By a 16-7 vote, the House Judiciary committee approved an intellectual property bill that had been opposed by Amazon.com, AT&T, Comcast, Google, Yahoo and some Internet service provider associations.
The proposal, backed by big database companies such as Reed Elsevier and Thomson, would extend to databases the same kind of protection that copyrighted works such as music, literature and movies currently enjoy. Its supporters say that such protection is necessary to stop rivals from extracting information from proprietary databases like Reed Elsevier'sservice instead of going through the far more expensive process of compiling it themselves.
The loosely organized technology coalition opposed to the proposal had stepped up its lobbying efforts in the days leading up to the committee vote, joined by library and civil liberties groups.
"Proponents of the bill have yet to offer a convincing case that existing federal and state laws, including federal copyright law, federal antihacking prohibitions, and a variety of state contract and tort laws, are insufficient to provide database producers with adequate protection," the coalition said in a letter last week. "They have certainly failed to demonstrate a problem that would justify the fundamental and constitutionally suspect changes to our nation's information policy called for in the legislation."
One of the most vocal opponents of the bill has been the venerable U.S. Chamber of Commerce, which argued that database owners already have the ability to protect their property through contracts and terms-of-service agreements. In its own letter to Congress, the Chamber predicted that a financial analyst with access to Dun & Bradstreet databases could violate the law by including that information in a report prepared for a client, as could a research chemist who wishes to reproduce information on the effectiveness of new pharmaceuticals.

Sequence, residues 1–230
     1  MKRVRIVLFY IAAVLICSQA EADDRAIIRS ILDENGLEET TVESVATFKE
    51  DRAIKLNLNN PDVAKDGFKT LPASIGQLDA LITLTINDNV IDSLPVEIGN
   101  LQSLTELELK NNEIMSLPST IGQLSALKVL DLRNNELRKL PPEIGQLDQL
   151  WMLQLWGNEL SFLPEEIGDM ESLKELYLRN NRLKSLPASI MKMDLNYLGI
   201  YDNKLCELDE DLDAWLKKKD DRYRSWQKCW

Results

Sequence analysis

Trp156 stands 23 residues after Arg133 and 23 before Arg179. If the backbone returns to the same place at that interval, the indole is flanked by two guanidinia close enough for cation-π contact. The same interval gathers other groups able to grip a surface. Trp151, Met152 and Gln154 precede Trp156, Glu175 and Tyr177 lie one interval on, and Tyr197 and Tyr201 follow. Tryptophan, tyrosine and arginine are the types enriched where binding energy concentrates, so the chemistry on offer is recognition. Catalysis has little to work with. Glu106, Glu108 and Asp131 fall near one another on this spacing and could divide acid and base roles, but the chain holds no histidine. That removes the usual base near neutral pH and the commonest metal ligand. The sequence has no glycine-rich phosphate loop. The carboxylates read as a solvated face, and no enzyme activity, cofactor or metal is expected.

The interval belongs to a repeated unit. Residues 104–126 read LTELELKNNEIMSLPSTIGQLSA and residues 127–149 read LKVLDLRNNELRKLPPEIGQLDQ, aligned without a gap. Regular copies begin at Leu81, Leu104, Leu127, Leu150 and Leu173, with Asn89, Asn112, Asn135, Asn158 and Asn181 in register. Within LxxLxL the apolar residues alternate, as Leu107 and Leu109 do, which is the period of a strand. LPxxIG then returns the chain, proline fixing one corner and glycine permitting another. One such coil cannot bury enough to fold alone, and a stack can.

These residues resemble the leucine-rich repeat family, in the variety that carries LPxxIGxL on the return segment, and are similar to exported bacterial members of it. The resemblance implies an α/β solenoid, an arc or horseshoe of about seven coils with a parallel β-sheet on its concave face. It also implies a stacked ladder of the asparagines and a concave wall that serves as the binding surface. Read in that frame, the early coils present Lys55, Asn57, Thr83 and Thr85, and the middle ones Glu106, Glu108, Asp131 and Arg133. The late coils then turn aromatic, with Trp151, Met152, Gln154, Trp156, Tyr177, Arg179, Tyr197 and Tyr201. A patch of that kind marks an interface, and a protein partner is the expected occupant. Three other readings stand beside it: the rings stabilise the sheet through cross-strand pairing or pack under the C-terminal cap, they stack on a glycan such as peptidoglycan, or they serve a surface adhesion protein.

The Database and Collections of Information Misappropriation Act of 2003 does not include criminal penalties. Rather, it allows the database owner to sue in civil court "any person who makes available in commerce to others a quantitatively substantial part of the information in a database." There are limited exemptions for educational and research organizations and for journalists.
The bill, backed by Rep. Howard Coble, R-N.C., also is controversial because, critics say, it would sidestep a U.S. Supreme Court decision that said facts could not be copyrighted.
Wednesday's vote follows a 10-3 vote last October in a subcommittee. Now the measure likely will go to the House floor in preparation for a possible vote.